We overestimate the epic
This Christmas, in a long discussion after having lunch with a friend, I said:
Do you know something that frustrates me sometimes? Realize that I am a person who has never lived pursuing a dream.
She gave me an interesting quarrel but, most importantly, the things that we commented from there made me reflect a lot on the value of what we are getting by day in our ordinary life.
I look back now and see that it is not true that I have not. It is true that I have not been struggling every day for ten years to achieve my childhood dream … then what?
At some point we started to believe that we all have a purpose in life, that we are destined to achieve something great and we have to fight for it. I am less and less in agreement.
I do not want this to be misinterpreted. I do not say that we are all destined to live all our lives as a mediocre conformist. What I say is that that vision is suffocating and alienating. We do not all have to look for something that moves our life from beginning to end and leave us the soul to achieve it. Much we are simply going to evolve and getting, or not, many of our new goals based on efforts of days, months or years, but we do not have to feel a kind of call from childhood.
I consider myself a very persevering person. With a great interest in structuring and optimizing the process of how I do things but also with a high orientation to results. I do things. I start them even if I do not have all the conditions and I am learning along the way. Many of these roads have taken me to destinations that were not exactly what I imagined, but I do not end up feeling that this is a failure because I have walked that path and that has not only made me move but also, in some way, acquire new tools and relationships that have nourished me and prepared for new challenges.
It seems that we are only impressed by enormous results that are difficult to achieve and curiously, it costs us much less to see that achievement in other people than in ourselves. I’m not sure where that exaltation of the epic and contempt of everyday life began, but I think it also has to do with the fact that, when it comes to others, we see rather the beginning and the end and that implies a leap. When we are our own processes and achievements, as they are followed day by day, it is like not realizing that one has gained weight or grown until someone tells you.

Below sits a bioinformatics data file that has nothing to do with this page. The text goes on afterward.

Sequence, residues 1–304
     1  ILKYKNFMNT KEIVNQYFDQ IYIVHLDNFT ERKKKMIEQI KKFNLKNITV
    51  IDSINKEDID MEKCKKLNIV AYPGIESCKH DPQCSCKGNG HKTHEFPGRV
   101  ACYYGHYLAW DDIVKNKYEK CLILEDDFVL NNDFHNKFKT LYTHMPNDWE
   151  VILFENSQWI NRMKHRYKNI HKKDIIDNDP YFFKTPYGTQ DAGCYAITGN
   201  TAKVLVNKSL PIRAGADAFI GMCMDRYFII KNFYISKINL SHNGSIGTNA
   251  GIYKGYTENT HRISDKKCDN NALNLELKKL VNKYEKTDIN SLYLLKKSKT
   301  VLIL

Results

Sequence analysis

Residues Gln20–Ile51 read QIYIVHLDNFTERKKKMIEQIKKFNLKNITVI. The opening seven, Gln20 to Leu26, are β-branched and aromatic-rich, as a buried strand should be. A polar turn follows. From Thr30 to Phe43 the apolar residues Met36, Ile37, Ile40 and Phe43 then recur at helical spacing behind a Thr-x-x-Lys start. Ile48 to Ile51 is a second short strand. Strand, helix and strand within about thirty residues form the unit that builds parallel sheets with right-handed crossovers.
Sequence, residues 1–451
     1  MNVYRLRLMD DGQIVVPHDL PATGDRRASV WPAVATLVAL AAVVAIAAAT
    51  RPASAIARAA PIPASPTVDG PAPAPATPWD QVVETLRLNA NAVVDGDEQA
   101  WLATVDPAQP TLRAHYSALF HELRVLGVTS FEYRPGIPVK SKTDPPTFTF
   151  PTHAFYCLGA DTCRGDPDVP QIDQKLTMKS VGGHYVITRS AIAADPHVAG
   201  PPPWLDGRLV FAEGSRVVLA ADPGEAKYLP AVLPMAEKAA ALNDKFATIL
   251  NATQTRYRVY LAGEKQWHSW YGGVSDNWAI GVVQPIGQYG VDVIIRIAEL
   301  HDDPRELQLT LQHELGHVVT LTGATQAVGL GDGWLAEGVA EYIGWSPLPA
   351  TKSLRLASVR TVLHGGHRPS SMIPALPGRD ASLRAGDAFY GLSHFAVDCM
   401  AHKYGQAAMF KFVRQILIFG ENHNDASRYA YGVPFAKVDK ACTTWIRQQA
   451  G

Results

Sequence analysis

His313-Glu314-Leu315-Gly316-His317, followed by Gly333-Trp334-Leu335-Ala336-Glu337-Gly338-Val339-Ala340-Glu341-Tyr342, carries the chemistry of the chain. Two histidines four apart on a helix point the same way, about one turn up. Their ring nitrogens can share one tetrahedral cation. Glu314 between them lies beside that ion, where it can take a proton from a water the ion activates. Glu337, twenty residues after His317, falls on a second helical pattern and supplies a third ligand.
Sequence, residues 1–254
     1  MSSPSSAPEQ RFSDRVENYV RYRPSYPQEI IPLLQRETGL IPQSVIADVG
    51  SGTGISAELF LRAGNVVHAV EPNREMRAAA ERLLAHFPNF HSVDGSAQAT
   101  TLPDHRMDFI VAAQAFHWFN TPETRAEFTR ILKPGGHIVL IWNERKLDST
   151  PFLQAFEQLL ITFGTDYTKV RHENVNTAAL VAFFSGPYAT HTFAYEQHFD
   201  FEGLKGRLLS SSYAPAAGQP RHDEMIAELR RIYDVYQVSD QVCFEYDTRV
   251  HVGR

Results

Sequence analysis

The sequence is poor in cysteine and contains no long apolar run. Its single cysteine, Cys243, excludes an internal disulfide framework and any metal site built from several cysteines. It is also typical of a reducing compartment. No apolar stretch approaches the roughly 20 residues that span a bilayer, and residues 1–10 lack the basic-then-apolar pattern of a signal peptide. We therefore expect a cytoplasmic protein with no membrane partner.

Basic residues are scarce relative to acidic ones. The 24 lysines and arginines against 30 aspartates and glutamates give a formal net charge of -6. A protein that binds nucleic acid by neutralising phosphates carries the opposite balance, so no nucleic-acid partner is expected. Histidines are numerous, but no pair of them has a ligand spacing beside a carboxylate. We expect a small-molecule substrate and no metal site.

There is a lot of achievement and learning in someone who gets to take things forward every day step by step. There is a lot of evolution in the constancy of the small goals. It would be better to think about how many times you have managed to learn a new skill. How many times have you been capable of a self-learning that was very worthwhile. Have you changed profession more than once? That is not easy.
Every time we realize that we have crossed the goal of an objective, even if we realize that some time ago since the day we achieved it, it would be good to do an inspection and retrospective to be aware of how much we It has cost every day to get it. Maybe that will help us see the epic in our daily achievements or, instead, learn to enjoy the incredible of living a life without being an international hero and still have an impact on the world.
You have probably done many things that, for others, it would be amazing to be able to get and you are not even realizing it.